Postcard from Beijing… the trials of being a blonde in China’s capital

By | Category: Travel rumblings, Travel tips & opinions

I’ve been a blonde ever since my mother frog-marched me to the nearest hairdresser nearly 15 years ago, after a teenaged disaster with Sun In – the spray hair lightener that turned my hair a spectacularly unflattering shade of orangey-yellow (not quite the sun kissed tresses I had been hoping for), and gave it the texture of straw.

The Italian hairdresser in my home town succeeded where Sun In failed: transforming me from a mousey brown into a blonde bombshell. It wasn’t a pain free process (in those days, highlights were administered via an agonising cap rather than through the much more pleasant foil technique we know today), but the results – a head of shiny, golden locks – were worth every minute in bleach.

I was hooked and subsequently the money earned from my Saturday shop job at Watford Football Club was spent at the salon– so great was my desire to be blonde. And for good reason: back home, I felt glamorous (for a suburban school girl) and fearless following a peroxide fix. In Britain, I can confidently declare, blondes definitely have more fun.

Not so in Beijing, as I have been learning to my peril ever since I arrived in China’s capital five months ago. It was fun to start with: light bulbs went off as I sauntered around Sanlitun Village (a hip hangout for Beijing’s trendsetters) as locals whipped out their cameras to take pictures of the unusual looking creature with the cropped platinum ‘do. On those occasions, I felt – albeit fleetingly – like a Hollywood A lister!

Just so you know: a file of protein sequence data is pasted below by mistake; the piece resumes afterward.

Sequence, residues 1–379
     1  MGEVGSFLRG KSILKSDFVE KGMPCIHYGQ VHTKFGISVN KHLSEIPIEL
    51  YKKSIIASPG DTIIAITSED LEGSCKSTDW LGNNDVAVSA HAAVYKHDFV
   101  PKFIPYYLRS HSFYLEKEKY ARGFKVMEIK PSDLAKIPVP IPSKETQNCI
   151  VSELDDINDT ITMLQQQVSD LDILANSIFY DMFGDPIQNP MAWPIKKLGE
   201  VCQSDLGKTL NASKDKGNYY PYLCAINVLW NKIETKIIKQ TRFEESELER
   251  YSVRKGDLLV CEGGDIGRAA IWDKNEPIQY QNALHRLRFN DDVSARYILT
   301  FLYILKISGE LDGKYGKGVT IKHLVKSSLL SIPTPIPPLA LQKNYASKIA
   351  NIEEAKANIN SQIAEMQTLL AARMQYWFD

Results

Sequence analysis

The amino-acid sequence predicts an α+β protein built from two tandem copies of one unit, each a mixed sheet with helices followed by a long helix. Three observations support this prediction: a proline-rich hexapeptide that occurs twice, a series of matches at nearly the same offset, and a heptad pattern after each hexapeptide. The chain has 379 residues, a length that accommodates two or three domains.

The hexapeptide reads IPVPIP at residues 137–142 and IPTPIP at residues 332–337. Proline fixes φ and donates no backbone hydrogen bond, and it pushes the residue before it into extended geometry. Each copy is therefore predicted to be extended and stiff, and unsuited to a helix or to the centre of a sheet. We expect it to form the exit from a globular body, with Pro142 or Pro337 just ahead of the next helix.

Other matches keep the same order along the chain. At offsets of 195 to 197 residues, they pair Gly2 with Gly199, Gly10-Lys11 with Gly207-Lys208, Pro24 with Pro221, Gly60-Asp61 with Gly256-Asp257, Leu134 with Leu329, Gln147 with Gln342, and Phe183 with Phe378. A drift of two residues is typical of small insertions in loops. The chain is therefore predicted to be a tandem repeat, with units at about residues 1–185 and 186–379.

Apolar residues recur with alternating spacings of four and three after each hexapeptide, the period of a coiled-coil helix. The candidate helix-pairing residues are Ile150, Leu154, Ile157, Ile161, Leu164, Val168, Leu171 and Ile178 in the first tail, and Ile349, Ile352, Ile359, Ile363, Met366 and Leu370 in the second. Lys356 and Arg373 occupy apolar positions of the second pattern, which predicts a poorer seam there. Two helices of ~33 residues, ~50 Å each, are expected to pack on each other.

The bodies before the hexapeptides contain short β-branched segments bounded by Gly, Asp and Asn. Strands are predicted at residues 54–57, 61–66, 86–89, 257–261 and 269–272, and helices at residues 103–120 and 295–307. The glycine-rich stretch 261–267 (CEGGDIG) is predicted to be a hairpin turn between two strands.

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However I soon learnt that, in Beijing, lighter locks come with a price… my highlights easily identify me as laowai and I seem to face more trials and tribulations that brunettes in Beijing. From the local police station who kept sending me away when I tried to register only to then fine me for failing to do so within 48 hours of touching down in Beijing, to the vendor on the street corner who insists on selling me his egg based jianbing for 5RMB but will shave 2RMB off his asking price for the Beijinger in the queue behind me. I could go on… there’s the taxi driver who wouldn’t turn the metre on because clearly he saw my hair colour and thought “Ah ha! There goes a dumb blonde I can make some money off.” And what of the receptionist at my friend’s apartment, who promised to pass on a birthday present but then denied all knowledge of said present and laughed in my face when I confronted him about it at a later date? No matter how hard I try to master Mandarin, the experience (as a blonde) is always the same.

Don’t get me wrong, I adore Beijing – partly because it is so much richer in local colour than its southern sibling Shanghai. But being flaxen haired in Beijing isn’t a barrel of laughs and for the first time in my adult life I am no longer dye-ing (pardon the pun) to be blonde, with its bleaching side effects.

I think this might be for the best for, apart from anything else, being blonde in Beijing presents a practical problem. Local salons aren’t happy when it comes to highlights (believe me, I’ve tried a fair few and it’s always been a bad blonde experience) while upscale ‘expatriate’ establishments like Eric Paris and Tony and Guy aren’t an option for anyone (like me) working for a Chinese company, and therefore on a local wage. Time, then, to go back to my natural colour and allow my intellect to outshine my hair shade…

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